The Palau Güell was designed by the young Gaudí and is a wonderful blend of medieval opulence and the architect's unique exuberant style
Completed in 1890, the building was the private residence of Gaudí's patron, Count Güell. The Palau Güell is a designated UNESCO World Heritage Site.
The wealthy industrialist, landowner and politician Eusebi Güell i Bacigalupi (Barcelona, 1846-1918) was Gaudí's main patron. In 1885, when the architect was still unknown, Count Güell commissioned him to design his private residence. Gaudí was aware that Güell wanted to show off his wealth to his friends and acquaintances (the house was to be used for exhibitions, concerts and other events) and he created an unusual, bold architectural project. He made innovative use of traditional building techniques, as well a wide variety of materials, with particular emphasis on more expensive ones such as marble. Gaudí combined the typical square structure of Catalan medieval palazzos and exquisite wooden coffered ceilings with innovations such as the parabolic arch which became a hallmark of his work. However, Gaudí didn't just create a palazzo, he created a metaphor too, as the building rises up, like Güell, from poor beginnings, represented by the austerity of the basement and ground floor, to wealth, as embodied by the riot of colour on the roof. Indeed, the ground floor, with its simple grey marble, contrasts magically with the interplay of colours and forms of the 20 sculptural chimneys on the roof, which are covered in broken pieces of ceramic tile, marble and stained glass and are the iconic symbols of the Palau Güell.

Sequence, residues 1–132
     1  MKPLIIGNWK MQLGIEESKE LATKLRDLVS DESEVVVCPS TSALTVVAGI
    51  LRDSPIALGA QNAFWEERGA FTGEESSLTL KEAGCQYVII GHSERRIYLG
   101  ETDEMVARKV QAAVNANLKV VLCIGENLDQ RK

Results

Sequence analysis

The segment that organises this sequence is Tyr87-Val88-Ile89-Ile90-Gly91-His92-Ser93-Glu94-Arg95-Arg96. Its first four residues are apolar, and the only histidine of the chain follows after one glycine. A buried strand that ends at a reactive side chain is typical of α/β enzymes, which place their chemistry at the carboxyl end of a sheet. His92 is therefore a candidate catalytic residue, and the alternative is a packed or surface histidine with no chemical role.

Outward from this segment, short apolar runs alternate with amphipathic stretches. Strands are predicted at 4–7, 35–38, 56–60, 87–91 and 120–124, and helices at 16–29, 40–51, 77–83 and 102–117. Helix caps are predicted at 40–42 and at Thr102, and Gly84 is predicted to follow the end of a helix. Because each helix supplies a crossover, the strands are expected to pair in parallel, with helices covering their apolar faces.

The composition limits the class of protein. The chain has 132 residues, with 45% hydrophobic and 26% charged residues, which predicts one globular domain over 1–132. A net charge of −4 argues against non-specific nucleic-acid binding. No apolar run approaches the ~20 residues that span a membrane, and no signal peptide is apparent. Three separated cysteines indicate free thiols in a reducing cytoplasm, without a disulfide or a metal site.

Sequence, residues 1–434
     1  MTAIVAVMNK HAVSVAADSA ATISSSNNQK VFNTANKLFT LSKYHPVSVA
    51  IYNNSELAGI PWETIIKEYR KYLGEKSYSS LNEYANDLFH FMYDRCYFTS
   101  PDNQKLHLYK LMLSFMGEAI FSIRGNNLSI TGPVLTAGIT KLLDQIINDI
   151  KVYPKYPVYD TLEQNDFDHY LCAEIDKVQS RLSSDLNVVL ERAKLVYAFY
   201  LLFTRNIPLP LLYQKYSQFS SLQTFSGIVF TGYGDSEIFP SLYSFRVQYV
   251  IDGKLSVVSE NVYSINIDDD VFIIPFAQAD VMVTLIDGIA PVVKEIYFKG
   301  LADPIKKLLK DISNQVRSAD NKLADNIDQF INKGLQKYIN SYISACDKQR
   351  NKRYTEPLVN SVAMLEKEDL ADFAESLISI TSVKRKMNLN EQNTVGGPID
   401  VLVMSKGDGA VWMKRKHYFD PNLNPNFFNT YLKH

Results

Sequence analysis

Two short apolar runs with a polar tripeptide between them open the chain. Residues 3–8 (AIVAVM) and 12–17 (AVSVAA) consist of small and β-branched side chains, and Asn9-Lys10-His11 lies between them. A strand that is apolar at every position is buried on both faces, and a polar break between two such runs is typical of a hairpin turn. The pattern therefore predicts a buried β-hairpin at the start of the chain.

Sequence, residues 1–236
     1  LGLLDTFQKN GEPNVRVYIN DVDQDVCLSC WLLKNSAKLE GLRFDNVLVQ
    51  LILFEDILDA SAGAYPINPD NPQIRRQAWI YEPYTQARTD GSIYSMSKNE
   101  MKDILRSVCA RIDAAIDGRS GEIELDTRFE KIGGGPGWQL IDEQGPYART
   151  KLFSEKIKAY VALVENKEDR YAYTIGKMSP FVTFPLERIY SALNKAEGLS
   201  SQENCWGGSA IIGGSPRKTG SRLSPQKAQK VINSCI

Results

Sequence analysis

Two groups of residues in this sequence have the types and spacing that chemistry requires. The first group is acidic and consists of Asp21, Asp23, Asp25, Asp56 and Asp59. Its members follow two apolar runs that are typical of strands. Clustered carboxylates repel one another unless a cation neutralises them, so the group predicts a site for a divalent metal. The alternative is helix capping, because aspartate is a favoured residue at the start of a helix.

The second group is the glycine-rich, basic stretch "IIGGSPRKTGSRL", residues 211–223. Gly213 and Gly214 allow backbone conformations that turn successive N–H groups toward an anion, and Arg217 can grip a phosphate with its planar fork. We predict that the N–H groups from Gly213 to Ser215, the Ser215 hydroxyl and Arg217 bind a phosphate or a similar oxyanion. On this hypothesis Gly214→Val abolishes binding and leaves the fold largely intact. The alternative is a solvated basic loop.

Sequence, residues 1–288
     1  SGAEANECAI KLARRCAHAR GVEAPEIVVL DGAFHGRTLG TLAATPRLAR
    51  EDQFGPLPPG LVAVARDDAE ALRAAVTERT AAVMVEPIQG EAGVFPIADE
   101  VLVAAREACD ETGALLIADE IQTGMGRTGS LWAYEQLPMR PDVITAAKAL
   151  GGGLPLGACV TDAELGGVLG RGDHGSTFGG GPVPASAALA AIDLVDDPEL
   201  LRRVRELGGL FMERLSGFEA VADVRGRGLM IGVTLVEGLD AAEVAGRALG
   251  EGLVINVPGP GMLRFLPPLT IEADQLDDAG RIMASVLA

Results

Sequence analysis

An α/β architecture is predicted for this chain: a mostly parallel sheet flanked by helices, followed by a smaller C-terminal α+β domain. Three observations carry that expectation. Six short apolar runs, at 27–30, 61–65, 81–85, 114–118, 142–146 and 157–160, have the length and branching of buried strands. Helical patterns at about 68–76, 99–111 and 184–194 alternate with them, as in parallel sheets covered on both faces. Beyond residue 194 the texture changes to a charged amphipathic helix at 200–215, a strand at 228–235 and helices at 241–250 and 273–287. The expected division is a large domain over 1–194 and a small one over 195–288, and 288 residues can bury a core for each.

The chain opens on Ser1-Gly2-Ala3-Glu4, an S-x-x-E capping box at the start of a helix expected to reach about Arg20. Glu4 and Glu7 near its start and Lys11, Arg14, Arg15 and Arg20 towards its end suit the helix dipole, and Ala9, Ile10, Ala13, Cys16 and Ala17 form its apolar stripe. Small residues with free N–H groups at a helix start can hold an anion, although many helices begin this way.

General input 12
Audioguia inclosa in preu de l'entry.
From 1st November to 31st March, from Tuesday to Sunday, from 10am to 5.30pm.
Last acces time at 4.30 pm.
From 1st April to 31st October, from Tuesday to Sunday, from 10am to 8pm.
Last acces time at 7 pm.
Closed Mondays except public holidays, December 25th and 26th, January 1st and January 6th to 13th.
- C. Nou de la Rambla, 3-5
- 93 472 57 75
- Bus 14, 59, 91, 120